Why Do We Pray to the Saints?

Reprinted from Oblates•July/August 2002•Volume 59•Number 4*


Most Catholics have been taught about the saints—and taught to pray to the saints—from childhood on. Whether it be to their personal patron saint, or the patron of their occupation, or their country, or the saint associated with their situation in life, many Catholics routinely offer prayers to the saints.


The practice of praying to the saints is anything but a recent innovation. In fact, it is one of the oldest continuous customs in Christianity.


Its roots can be traced as far back as the New Testament. In the Gospel of Luke, for example, Jesus tells the story of the rich man and Lazarus (16:19-31). The rich man, because of his indifference to the poor, has ended up in Hades, while Lazarus dwells in the bosom of Abraham. The rich man pleads with Abraham to send Lazarus to his father's house to warn his brothers to change their ways, so that they won't suffer the same fate as he. Implied in this story is the belief that the dead may be able to intercede on behalf of the living.


An even stronger foundation for the practice of venerating the saints is found in St. Paul's Letter to the Romans. Here Paul introduces the image of the Body of Christ, in which each member, whether living or dead, has a contribution to make based on his or her special gift (12:4-8). The image of the body of Christ, which includes the faithful both living and dead, implies that the saints who have passed on to the next life can come to the aid of the living.


The practice of praying to the saints seems to have remained common in the early centuries of the Church. The followers of St. Polycarp, a bishop who suffered martyrdom around the year 155 AD, expressed their desire to observe the anniversary of his death. Prayer to the saints was fostered by the growth of devotion to the relics of the martyrs. A theologian named Origen (185-254) taught that the prayers of the saints are helpful to the living, as long as the living follow in the footsteps of those who have preceded them in death. And there is evidence from St. Cyprian, a third-century bishop, of a growing belief that the dead could intercede with God on behalf of the living.


Devotion to the saints continued to spread rapidly in the fourth century, when Christianity became the official religion of the Roman Empire. St. Cyril of Jerusalem (315-386), for example, distinguished the saints remembered in the Eucharistic Sacrifice from the ordinary dead, who would still need the benefits of the Eucharist.


A problem arose at this time when some questioned whether devotion to the saints constituted idol worship. This charge was put to rest by Christian theologians who distinguished between the worship of God, and the honor due to the saints. The saints, they believed, were to be understood always as secondary to God, who alone is worthy of worship.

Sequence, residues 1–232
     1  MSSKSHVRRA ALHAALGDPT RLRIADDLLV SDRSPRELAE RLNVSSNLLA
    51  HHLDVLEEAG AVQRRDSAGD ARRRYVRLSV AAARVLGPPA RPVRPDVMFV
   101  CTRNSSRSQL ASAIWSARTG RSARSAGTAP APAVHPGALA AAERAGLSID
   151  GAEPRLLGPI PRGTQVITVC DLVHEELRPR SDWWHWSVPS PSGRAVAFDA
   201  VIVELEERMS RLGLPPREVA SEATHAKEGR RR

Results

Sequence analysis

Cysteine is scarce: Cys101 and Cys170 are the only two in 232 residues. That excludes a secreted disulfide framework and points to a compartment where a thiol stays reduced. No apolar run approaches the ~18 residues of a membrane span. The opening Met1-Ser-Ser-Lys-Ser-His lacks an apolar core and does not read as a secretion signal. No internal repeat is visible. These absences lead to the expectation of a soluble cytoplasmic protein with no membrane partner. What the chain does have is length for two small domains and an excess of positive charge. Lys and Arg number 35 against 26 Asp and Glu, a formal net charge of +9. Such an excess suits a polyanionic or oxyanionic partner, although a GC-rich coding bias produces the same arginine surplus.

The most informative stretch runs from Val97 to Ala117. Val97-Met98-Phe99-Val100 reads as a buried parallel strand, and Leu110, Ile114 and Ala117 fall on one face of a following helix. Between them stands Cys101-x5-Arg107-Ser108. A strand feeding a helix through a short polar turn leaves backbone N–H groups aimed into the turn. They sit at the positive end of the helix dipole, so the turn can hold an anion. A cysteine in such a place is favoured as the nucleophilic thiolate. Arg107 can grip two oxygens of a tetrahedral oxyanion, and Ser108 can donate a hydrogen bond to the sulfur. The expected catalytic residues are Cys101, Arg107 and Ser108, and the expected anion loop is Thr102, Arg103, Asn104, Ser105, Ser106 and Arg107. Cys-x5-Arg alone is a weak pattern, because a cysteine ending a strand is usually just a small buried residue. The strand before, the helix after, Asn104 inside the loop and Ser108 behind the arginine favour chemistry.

In the early Middle Ages devotion to the saints was greatly extended through the conversion of the so-called "barbarian" tribes of Europe. In particular, the Irish monks spread this practice—first to England, and then to the continent.


Why do we—and why should we—pray to the saints now? First, we believe that their search for holiness—for oneness with God—in their earthly life has brought the saints close to God now, in death. Second, we believe that the humanness of the saints—their great virtue, and their sinfulness—makes them accessible to us, with our goodness as well as our faults and failings, and makes them role models for us to emulate. And third, Catholics continue to believe in the power of intercessory prayer—that the saints can, and will, present our needs to God on our behalf.


In the end, all prayer, and all worship, are directed to God. Still, the saints are advocates for us in the great communion of the living and dead that makes up the universal Body of Christ.


*Oblates© magazine is a publication of the Missionary Oblates of Mary Immaculate through the
Missionary Association of Mary Immaculate, Belleville, IL

National Shrine of Our Lady of the Snows
Belleville IL 62223-1160


Miraculous Invocation to St. Thérèse

O glorious Saint Thérèse, whom Almighty God has raised up to aid and counsel mankind, I implore your Miraculous Intercession. So powerful are you in obtaining every need of body and soul our Holy Mother Church proclaims you a "Prodigy of Miracles ... the Greatest Saint of Modern Times." Fervently I now beseech you to answer my petition (mention here) and to carry out your promise of spending Heaven doing good upon earth, of letting fall from Heaven a Shower of Roses. Henceforth, Dear Little Flower, I will fulfill your plea "to be made known everywhere" and I will never cease to lead others to Jesus through you. Amen

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